By Brandon L. Garrett, a professor at the University of Virginia School of Law.
The U.S. Supreme Court settled another boundary dispute about what lies inside and what lies outside of habeas corpus today in Skinner v. Switzer. Henry Skinner was convicted and sentenced to death in Texas in 1995 for the murder of his girlfriend and her two sons, whom he lived with. Skinner claimed he was home, but did not commit the murders since he was incapacitated by large amounts of codeine and alcohol. Before trial, the State tested some crime scene evidence, and some of it inculpated Skinner, but some did not. Inexplicably left untested were key pieces of evidence, including knives found at the scene, an axe handle, vaginal swabs, fingernail clippings, and hair samples.
In the meantime, in 2001 Texas passed a DNA access statute, which makes available post-conviction testing to prisoners who satisfy its criteria, including that there is a "reasonable probability" that the results could change the outcome. The Texas Court of Criminal Appeals repeatedly denied his motions seeking DNA tests on all of those other items. They blamed Skinner's trial lawyer, saying that it was a "reasonable" strategy to fail to request the DNA tests at the time of his trial, since the results might just have further inculpated Skinner. Skinner could be executed without any tests done on that crucial crime scene evidence - unless the federal courts would reverse the rulings by the Texas courts. He brought a civil rights action seeking to do just that, but the State argued federal habeas corpus was the exclusive avenue for such a claim.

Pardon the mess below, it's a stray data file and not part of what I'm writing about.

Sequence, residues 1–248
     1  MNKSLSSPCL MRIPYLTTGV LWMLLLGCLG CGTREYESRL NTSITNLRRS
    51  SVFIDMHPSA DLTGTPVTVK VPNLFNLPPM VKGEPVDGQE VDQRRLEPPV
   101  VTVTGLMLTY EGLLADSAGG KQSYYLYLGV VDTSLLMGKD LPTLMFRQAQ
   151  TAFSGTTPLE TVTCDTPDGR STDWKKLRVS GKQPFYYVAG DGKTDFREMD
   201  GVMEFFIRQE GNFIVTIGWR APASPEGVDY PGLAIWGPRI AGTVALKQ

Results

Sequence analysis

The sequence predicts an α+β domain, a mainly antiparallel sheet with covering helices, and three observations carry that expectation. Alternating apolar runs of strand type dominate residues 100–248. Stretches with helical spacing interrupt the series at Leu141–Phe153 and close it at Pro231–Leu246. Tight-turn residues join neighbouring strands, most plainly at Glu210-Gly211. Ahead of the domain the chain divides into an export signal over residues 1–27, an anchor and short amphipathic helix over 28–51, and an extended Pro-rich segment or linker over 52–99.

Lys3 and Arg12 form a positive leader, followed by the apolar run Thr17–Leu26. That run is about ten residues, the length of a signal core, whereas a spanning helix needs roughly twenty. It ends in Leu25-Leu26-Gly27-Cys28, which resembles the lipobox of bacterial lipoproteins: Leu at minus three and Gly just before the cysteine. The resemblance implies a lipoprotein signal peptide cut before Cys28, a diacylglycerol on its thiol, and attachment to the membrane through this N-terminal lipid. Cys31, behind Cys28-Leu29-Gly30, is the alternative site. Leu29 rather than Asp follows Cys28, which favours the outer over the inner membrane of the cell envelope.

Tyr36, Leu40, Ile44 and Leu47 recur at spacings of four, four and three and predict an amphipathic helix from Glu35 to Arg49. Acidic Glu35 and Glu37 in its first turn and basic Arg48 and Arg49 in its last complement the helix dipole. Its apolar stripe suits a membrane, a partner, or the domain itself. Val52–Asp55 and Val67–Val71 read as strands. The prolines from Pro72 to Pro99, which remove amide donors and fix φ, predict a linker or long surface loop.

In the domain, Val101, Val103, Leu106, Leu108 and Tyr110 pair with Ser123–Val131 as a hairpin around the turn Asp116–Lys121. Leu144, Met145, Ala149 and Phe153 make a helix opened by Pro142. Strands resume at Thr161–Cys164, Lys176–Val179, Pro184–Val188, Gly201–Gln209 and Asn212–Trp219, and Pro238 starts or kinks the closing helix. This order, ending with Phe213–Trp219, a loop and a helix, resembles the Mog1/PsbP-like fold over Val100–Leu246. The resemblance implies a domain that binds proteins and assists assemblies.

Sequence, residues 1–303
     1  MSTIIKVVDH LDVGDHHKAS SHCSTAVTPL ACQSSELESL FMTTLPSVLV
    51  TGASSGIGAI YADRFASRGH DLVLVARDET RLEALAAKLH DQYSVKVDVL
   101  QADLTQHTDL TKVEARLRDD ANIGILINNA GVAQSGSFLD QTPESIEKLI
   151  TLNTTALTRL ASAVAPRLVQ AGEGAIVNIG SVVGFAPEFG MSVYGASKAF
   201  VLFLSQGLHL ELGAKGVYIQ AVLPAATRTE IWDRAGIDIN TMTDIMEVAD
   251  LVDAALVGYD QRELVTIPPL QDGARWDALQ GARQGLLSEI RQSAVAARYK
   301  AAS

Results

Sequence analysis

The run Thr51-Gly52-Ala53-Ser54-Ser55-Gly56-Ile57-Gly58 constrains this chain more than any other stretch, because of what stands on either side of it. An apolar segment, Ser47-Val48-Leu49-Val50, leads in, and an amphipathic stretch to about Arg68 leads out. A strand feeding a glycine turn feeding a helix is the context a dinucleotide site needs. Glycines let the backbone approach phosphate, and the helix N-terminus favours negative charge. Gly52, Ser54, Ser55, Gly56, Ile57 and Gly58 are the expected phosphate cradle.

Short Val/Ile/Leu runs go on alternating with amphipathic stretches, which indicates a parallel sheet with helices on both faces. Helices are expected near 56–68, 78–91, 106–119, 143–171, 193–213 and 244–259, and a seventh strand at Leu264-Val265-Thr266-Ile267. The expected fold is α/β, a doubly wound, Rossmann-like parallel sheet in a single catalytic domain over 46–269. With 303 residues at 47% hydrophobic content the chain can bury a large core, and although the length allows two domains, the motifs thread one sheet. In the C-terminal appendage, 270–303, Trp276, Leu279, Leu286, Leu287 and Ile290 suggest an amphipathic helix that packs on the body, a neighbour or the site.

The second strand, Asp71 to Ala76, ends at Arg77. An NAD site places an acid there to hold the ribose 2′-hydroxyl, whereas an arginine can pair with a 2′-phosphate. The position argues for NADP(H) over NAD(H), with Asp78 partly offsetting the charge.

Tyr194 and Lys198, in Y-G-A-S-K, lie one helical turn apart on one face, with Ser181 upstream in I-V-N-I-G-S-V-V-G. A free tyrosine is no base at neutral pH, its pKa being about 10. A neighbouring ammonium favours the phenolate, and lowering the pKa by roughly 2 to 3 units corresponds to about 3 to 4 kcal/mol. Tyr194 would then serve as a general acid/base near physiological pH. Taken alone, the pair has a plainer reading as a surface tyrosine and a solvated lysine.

These boundary issues did not come up often before. Both the habeas corpus statute, 28 USC § 2254, and the civil rights statute, 42 USC § 1983, provide avenues for litigation of constitutional violations by state actors. Prisoners often used both. However, the habeas statute has been encumbered with a raft of Supreme-Court made restrictions, together with limits added by Congress under the Antiterrorism and Effective Death Penalty Act. While the Court has limited access to remedies under Section 1983 as well, Section 1983 does not have unfair timing rules. If one suffers separate constitutional violations over time, one can bring multiple actions.
Not so under federal habeas corpus. If new evidence of constitutional violations or of innocence comes to light only years after a conviction, it may be impossible to file a federal habeas petition. Any number of rules, from the AEDPA statute of limitations, to the dreaded "successive petition" rule may rule out access to a federal court. Many of the innocent people who have been exonerated by DNA tests had to wait years to get those tests; they waited on average 15 years to be exonerated. I describe their difficult path to exoneration in a book that has just been published by Harvard University Press, Convicting the Innocent: Where Criminal Prosecutions Go Wrong. More generally, the book explores what went wrong in the first 250 DNA exonerations. Selective testing of the crime scene evidence was just one of many problems with the way that the forensics was handled and presented in the cases of those innocent people.